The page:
12 lawyers agreed with this answer

  6. Please explain Judicial Discretion and how it relates to gender, and self-litigant bias.

    Answered over 1 year ago.

    1. L. Maxwell Taylor
    2. Howard M Lewis
    3. Herb Fox
    4. Joshua Sachs
    5. Judy A. Goldstein
    6. ···
    6 lawyer answers

    bias Pro se litigants commonly mistake collateral matters of no significance for important issues, and vice-versa. Pro se litigants often take personally things that are impersonal. In no circumstance does a pro se litigant have a handle on a proceeding that may be described as "objective" or at least "disinterested." In my experience, significant, detectable bias on a judge's part is somewhat rare. Usually judges bend over backwards to give an appearance of impartiality. Not always,...

    12 lawyers agreed with this answer

  7. I need to know if i can take legal act on a law firm that get money for wrongful deaths. they made a ad about it.

    Answered over 1 year ago.

    1. Ian Thomas Valkenet
    2. Brandy Ann Peeples
    3. L. Maxwell Taylor
    4. David B Pittman
    5. Timothy Leo Bowden
    6. ···
    7 lawyer answers

    If you don't like the slime oozing out of your TV set, turn off the TV. But suing a law firm because their commercial seeking to attract those whose loved one suffered a wrongful death made you opt out of surgery? Not a chance. Every surgery carries risks, and the risk that you will die is one of those risks. Not legal advice as I don't practice law in Maryland or hold licensure there. It's just my two cents on the facts you describe based on knowledge of general principles of law. If...

    12 lawyers agreed with this answer

  8. I found a rubber glove and paper in my soft drink from Mcdonalds didnt know it had it until i opend the lid.. do i have a case..

    Answered over 1 year ago.

    1. L. Maxwell Taylor
    2. Adrienne Patricia Allen
    3. Jeffrey Mark Adams
    4. Judy A. Goldstein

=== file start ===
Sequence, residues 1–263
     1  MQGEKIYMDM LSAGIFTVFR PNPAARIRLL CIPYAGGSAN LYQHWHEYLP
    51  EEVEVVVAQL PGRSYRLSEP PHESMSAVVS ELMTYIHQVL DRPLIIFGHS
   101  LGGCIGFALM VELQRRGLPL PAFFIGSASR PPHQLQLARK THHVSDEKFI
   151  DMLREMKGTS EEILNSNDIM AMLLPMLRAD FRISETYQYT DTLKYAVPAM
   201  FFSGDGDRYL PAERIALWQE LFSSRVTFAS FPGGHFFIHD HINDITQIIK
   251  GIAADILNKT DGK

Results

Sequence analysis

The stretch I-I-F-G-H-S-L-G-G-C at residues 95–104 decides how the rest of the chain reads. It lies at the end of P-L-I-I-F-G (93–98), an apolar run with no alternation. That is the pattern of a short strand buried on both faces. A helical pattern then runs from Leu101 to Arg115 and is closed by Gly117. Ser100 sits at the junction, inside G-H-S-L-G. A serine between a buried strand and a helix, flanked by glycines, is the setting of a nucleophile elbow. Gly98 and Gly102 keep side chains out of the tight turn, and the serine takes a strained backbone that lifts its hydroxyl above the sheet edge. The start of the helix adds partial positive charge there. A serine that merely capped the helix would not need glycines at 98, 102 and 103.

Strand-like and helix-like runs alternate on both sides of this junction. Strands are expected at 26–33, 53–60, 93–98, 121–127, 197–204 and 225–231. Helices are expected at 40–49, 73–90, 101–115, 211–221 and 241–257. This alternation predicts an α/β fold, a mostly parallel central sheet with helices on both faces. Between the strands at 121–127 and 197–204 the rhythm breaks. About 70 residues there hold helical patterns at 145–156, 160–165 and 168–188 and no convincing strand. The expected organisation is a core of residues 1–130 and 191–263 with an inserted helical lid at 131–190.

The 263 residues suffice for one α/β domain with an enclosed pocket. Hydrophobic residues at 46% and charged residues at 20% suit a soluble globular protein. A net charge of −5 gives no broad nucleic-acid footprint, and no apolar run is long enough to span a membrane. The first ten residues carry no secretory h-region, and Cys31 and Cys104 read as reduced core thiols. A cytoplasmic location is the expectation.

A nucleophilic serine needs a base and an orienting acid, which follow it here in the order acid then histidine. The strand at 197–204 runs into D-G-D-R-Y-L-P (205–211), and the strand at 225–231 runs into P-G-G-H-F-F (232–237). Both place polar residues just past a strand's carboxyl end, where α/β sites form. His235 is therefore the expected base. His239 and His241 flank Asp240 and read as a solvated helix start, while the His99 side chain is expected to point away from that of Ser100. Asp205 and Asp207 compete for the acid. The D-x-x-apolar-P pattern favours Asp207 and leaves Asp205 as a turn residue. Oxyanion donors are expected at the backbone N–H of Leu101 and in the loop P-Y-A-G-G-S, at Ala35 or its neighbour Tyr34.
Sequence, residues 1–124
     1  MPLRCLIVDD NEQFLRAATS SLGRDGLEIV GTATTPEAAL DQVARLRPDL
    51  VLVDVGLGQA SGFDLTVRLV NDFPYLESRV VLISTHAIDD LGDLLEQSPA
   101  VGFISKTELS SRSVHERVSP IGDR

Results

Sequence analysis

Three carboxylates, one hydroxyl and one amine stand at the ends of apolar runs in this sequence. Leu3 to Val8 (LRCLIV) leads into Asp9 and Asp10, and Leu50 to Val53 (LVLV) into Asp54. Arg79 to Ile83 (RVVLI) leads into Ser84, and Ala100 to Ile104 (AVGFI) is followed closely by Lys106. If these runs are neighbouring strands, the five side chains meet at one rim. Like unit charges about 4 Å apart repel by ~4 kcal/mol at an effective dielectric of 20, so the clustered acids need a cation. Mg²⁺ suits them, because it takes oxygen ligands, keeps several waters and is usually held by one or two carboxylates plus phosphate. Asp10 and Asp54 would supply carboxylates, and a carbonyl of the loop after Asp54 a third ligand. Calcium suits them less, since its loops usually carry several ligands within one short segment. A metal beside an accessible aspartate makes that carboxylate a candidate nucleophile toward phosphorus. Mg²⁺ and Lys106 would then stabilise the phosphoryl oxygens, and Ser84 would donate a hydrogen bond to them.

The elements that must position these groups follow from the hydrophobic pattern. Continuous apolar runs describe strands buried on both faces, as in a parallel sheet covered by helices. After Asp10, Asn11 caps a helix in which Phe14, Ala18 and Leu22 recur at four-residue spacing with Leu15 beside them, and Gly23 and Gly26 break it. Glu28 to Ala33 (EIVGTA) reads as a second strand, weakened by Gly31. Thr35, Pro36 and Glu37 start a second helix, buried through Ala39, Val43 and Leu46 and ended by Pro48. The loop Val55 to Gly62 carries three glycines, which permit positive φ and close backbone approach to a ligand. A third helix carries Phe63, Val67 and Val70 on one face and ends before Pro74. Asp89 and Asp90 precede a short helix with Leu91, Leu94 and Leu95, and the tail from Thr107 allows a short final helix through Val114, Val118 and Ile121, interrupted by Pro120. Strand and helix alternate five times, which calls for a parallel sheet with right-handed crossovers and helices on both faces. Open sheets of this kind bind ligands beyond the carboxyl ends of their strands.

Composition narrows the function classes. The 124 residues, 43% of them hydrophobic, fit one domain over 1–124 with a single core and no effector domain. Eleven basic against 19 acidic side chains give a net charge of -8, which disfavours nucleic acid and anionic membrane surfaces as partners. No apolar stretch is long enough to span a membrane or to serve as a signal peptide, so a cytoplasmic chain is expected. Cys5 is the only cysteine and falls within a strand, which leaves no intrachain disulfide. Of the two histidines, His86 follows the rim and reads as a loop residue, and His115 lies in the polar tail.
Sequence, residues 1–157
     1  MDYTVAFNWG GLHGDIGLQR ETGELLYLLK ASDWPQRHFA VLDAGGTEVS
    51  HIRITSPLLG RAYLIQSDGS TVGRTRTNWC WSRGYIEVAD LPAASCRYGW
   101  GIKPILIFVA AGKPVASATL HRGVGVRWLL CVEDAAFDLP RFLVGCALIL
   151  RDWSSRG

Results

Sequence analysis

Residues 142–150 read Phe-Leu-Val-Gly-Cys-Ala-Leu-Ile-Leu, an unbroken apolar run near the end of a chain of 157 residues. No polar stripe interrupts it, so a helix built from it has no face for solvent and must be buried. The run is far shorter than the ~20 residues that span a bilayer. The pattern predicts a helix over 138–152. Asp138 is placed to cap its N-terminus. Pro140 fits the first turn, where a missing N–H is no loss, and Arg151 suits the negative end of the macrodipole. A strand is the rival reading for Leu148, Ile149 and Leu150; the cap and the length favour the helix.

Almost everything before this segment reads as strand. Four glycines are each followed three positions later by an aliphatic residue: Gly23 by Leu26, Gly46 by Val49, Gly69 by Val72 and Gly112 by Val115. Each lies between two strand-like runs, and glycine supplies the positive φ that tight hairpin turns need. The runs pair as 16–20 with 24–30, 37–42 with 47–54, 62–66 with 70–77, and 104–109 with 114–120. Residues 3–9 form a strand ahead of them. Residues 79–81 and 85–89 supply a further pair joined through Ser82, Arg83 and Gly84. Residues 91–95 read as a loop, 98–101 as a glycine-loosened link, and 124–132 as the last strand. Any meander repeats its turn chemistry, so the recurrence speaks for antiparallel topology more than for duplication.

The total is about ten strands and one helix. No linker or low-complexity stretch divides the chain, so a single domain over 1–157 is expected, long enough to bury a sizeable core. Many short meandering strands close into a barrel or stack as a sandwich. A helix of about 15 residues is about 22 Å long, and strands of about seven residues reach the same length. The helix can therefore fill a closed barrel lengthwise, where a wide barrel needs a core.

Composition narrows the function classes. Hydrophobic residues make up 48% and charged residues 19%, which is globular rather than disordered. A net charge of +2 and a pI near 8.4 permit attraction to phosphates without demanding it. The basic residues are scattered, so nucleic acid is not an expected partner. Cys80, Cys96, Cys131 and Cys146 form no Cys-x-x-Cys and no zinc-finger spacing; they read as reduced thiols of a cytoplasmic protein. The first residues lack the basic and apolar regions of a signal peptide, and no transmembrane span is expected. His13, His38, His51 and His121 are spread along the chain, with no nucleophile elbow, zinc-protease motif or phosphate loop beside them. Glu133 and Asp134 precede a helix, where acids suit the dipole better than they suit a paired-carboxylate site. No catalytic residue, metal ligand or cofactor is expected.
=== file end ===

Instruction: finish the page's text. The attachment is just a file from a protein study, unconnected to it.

5. Christian K. Lassen II
    6. ···
    6 lawyer answers

    The purpose of the law is to make injured parties whole. If there is no damage, there is no case.

    12 lawyers agreed with this answer

  9. Are Intentional Torts such as Abuse of Process, Malicious Prosecution,or Intentional Infliction of Emotional Distress Insurable?

    Answered 11 months ago.

    1. L. Maxwell Taylor
    2. Jeffrey Ira Schwimmer
    3. Christian K. Lassen II
    4. Daniel Nelson Deasy
    5. Andrew Daniel Myers
    6. ···
    9 lawyer answers

    Insurance is basically for negligence. As a general principle of law, one can't insure against intentional torts. Otherwise I could simply go buy, say, assault and battery insurance, and then haul off and slug anybody who rubbed me the wrong way with financial impunity, while my insurer scurried around behind me cleaning up the mess I left. Torts such as abuse of process, malicious prosecution, and IIED arise out of intent to harm. Insurers don't underwrite intent to harm. Not legal...

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  10. Medical law case for negligence or false result?

    Answered 8 months ago.

    1. L. Maxwell Taylor
    2. John L. Schroeder
    3. Eric Edward Rothstein
    4. Christian K. Lassen II
    5. Richard Todd Rosenstein
    6. ···
    7 lawyer answers

    I am glad it turned out ok for your son and that he has apparently suffered no lasting harm from this event. Your son had an anaphylactic reaction to warm cow milk, so now you know not to give that to him. I would involve your son's pediatrician and any specialists your son sees at this point so as to help him avoid the foods that cause him problems. But I would not involve lawyers. This is a matter for your son's physicians. Sounds like the allergist reported a negative test result, but...